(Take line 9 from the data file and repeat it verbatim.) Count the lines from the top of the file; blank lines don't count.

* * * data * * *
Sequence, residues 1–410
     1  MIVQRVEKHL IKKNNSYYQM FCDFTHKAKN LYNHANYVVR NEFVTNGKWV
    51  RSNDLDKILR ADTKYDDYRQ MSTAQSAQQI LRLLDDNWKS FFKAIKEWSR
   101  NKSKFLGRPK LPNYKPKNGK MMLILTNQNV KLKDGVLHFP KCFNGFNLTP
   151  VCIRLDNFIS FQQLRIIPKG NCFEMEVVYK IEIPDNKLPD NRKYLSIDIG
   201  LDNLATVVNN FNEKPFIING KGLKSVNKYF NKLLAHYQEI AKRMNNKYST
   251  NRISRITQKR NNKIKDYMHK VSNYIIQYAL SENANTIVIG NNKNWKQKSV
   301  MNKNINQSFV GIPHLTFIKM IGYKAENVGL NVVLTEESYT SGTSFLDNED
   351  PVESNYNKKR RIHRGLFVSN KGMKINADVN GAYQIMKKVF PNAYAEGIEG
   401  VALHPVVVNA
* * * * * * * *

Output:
   351  PVESNYNKKR RIHRGLFVSN KGMKINADVN GAYQIMKKVF PNAYAEGIEG